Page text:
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. 2017 Mar 24;8:144.
doi: 10.3389/fphar.2017.00144. eCollection 2017.

Cannabidiol Reduces Leukemic Cell Size - But Is It Important?

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Free PMC article

Cannabidiol Reduces Leukemic Cell Size - But Is It Important?

Nikoletta Kalenderoglou et al. Front Pharmacol. .
Free PMC article

Abstract

The anti-cancer effect of the plant-derived cannabinoid, cannabidiol, has been widely demonstrated both in vivo and in vitro. However, this body of preclinical work has not been translated into clinical use. Key issues around this failure can be related to narrow dose effects, the cell model used and incomplete efficacy. A model of acute lymphoblastic disease, the Jurkat T cell line, has been used extensively to study the cannabinoid system in the immune system and cannabinoid-induced apoptosis. Using these cells, this study sought to investigate the outcome of those remaining viable cells post-treatment with cannabidiol, both in terms of cell size and tracking any subsequent recovery. The phosphorylation status of the mammalian Target of Rapamycin (mTOR) signaling pathway and the downstream target ribosomal protein S6, were measured. The ability of cannabidiol to exert its effect on cell viability was also evaluated in physiological oxygen conditions. Cannabidiol reduced cell viability incompletely, and slowed the cell cycle with fewer cells in the G2/M phase of the cell cycle. Cannabidiol reduced phosphorylation of mTOR, PKB and S6 pathways related to survival and cell size. The remaining population of viable cells that were cultured in nutrient rich conditions post-treatment were able to proliferate, but did not recover to control cell numbers. However, the proportion of viable cells that were gated as small, increased in response to cannabidiol and normally sized cells decreased. This proportion of small cells persisted in the recovery period and did not return to basal levels. Finally, cells grown in 12% oxygen (physiological normoxia) were more resistant to cannabidiol. In conclusion, these results indicate that cannabidiol causes a reduction in cell size, which persists post-treatment. However, resistance to cannabidiol under physiological normoxia for these cells would imply that cannabidiol may not be useful in the clinic as an anti-leukemic agent.

Keywords: Jurkat; cannabidiol; cell size; leukaemia; physiological normoxia; protein kinase B; ribosomal protein S6.

Figures

FIGURE 1
FIGURE 1
Cannabidiol affects Jurkat cell viability and cell cycle progression. (A) Cells were treated with CBD (0–10-5 M) for 72 h in RPMI with 10% serum (formula image), 5% serum (formula image), and 1% serum (formula image). Cell viability was measured using the PrestoBlue® assay. Results are expressed as average percentage viability (±SD) relative to untreated controls, n = 3. (B) Cell cycle histograms obtained by population-based DNA content analysis using flow cytometry, see Table 1.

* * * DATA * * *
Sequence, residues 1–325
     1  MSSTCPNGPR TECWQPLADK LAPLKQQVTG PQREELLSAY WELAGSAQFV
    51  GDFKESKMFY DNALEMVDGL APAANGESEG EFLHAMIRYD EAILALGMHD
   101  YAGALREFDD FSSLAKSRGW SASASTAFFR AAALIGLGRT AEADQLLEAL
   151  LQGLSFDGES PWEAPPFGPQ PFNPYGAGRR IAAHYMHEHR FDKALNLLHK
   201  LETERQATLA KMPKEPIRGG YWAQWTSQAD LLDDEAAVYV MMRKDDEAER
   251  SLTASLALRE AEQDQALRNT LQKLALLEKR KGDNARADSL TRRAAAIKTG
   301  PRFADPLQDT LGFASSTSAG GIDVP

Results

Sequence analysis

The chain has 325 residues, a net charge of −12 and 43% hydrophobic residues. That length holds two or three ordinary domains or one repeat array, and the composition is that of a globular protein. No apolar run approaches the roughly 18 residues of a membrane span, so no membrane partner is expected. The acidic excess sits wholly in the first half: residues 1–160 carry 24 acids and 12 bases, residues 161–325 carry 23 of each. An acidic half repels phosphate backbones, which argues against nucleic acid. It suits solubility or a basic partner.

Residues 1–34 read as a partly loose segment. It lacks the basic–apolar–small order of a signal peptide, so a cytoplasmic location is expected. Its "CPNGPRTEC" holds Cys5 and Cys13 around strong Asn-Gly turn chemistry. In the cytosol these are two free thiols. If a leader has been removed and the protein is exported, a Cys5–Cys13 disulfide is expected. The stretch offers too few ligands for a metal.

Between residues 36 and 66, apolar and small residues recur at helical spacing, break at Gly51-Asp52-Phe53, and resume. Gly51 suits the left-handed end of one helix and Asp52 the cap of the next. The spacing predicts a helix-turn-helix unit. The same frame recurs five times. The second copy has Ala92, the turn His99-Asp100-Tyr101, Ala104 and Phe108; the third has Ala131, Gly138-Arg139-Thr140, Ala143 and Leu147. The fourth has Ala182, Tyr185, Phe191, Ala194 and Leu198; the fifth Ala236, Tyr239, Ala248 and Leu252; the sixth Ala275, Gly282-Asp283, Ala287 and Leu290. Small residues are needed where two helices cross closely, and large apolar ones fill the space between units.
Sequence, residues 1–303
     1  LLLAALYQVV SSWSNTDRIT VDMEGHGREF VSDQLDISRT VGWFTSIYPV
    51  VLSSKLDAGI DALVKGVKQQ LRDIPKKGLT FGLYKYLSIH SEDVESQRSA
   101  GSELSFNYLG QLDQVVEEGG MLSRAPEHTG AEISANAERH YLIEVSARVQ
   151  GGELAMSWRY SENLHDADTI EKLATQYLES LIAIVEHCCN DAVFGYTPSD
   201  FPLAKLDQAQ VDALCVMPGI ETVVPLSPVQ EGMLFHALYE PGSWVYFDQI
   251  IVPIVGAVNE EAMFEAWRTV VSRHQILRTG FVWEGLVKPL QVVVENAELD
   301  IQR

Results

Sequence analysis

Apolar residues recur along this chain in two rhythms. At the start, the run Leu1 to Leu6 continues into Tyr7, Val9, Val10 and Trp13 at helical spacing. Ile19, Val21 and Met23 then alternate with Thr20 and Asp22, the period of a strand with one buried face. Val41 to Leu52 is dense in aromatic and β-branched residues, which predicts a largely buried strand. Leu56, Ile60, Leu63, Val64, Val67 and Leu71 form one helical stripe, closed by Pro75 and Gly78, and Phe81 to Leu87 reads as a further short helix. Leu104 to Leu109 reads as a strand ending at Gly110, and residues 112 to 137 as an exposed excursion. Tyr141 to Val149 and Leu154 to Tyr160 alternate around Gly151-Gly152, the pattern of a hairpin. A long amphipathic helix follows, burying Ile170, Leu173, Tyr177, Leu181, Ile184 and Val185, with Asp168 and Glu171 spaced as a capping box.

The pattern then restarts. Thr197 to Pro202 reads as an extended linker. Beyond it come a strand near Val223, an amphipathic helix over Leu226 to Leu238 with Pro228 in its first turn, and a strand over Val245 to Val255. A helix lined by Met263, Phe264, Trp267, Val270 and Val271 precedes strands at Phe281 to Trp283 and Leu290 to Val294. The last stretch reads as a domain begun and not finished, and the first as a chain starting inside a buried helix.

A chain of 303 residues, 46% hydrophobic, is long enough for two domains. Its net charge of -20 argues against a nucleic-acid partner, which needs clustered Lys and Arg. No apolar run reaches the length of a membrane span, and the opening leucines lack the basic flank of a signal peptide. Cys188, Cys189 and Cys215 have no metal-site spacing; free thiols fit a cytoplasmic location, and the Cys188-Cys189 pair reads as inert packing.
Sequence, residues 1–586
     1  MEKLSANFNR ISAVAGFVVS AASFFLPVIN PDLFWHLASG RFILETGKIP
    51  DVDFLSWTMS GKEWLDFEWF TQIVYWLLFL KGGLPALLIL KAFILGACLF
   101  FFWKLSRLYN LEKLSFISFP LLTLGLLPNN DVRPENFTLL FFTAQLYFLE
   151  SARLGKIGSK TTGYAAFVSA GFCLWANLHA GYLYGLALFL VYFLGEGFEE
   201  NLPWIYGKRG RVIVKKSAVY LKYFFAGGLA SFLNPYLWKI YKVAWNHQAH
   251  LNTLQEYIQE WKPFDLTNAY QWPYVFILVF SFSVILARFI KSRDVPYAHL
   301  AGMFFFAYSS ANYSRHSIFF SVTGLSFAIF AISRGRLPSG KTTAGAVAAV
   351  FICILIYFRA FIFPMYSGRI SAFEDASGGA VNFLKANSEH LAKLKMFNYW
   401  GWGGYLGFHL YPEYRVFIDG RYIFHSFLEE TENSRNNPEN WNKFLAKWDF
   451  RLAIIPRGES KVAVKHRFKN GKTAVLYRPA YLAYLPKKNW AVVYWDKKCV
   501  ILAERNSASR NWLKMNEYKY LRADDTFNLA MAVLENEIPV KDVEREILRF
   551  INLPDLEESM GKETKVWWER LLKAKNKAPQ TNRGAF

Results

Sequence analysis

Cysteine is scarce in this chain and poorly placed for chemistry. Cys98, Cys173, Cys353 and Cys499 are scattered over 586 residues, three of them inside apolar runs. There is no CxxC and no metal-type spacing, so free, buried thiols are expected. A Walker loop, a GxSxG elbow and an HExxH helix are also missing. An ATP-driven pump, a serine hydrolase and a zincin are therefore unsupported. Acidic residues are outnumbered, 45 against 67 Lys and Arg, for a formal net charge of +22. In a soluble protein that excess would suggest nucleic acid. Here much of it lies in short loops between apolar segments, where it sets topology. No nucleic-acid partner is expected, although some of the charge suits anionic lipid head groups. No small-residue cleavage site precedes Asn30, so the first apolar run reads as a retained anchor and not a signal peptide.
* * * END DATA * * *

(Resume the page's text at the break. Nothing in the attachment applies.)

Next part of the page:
FIGURE 2
FIGURE 2
Cannabidiol-induced mTOR and S6 dephosphorylation. (A) Representative blots of CBD dose response (10-5–10-8 M) on PKB, p42/44, and S6 phosphorylation, top panel. CTL denotes cells treated with vehicle alone. (B) Time course up to 8 h of S6 and mTOR phosphorylation with and without CBD (10-5 M), top panel. Bottom panels show the intensity of protein bands normalized to Rab11, calculated as fold difference from controls (mean ± SEM), n = 3 (p < 0.05).
FIGURE 3
FIGURE 3
Recovery from cannabidiol treatment. 106 cells/mL were treated with or without CBD (10-5 M) for 24 h in serum-free medium, resuspended in complete medium without CBD at a density of 106 cells/mL for 24 h. This was repeated at 48 h for a further 24 h. Cells were counted daily (A) and viability calculated (B), UC denotes untreated control. In one set of experiments, CBD (10-5 M) was reapplied at 48 h in serum-free medium and allowed to recover for 24 h in complete medium without CBD (C). Viability is expressed as the percentage of live cells in a total cell count, n = 3.
FIGURE 4
FIGURE 4
Cell size distribution. Cells in routine culture at different densities were counted and size-gated (A). Cells in complete medium (control +), or serum-free medium in the absence (control –) or presence of CBD, were incubated for 24 h (B–D). (B) Representative phase contrast microscope images of cells stained with Trypan Blue, with arrows indicating small viable cells as seen by eye. Mean FSC-H histograms (C) with quantitation (D), (p < 0.05) n = 4. (E) Cells from recovery experiments (see Figure 3B) were counted and sized daily. Data is depicted as the percentage of viable small cells in the viable parent population, (p < 0.05) n = 3.
FIGURE 5
FIGURE 5
Physiological normoxia impacts on Jurkat cell sensitivity to cannabidiol. Cells from either AtmosO2 (A) or PhysO2 (B) cultures were seeded into 96-well plates (105 cells/well) in medium (with 5% serum) with or without CBD (5 or 10 μM, indicated as CBD5 or CBD10) and/or DOX (10-5–10-8 M) for 72 h. Cell viability was measured using the PrestoBlue® assay. Results are expressed as average percentage viability (±SD) relative to untreated controls. Area under the curve (AUC) analysis (inset in A) (p < 0.05), n = 3. An increased dose response was performed with CBD up to 300 μM on both activated and non-activated cells from PhysO2 conditions in medium with 5% serum (C) or 1% serum (D), n = 4.

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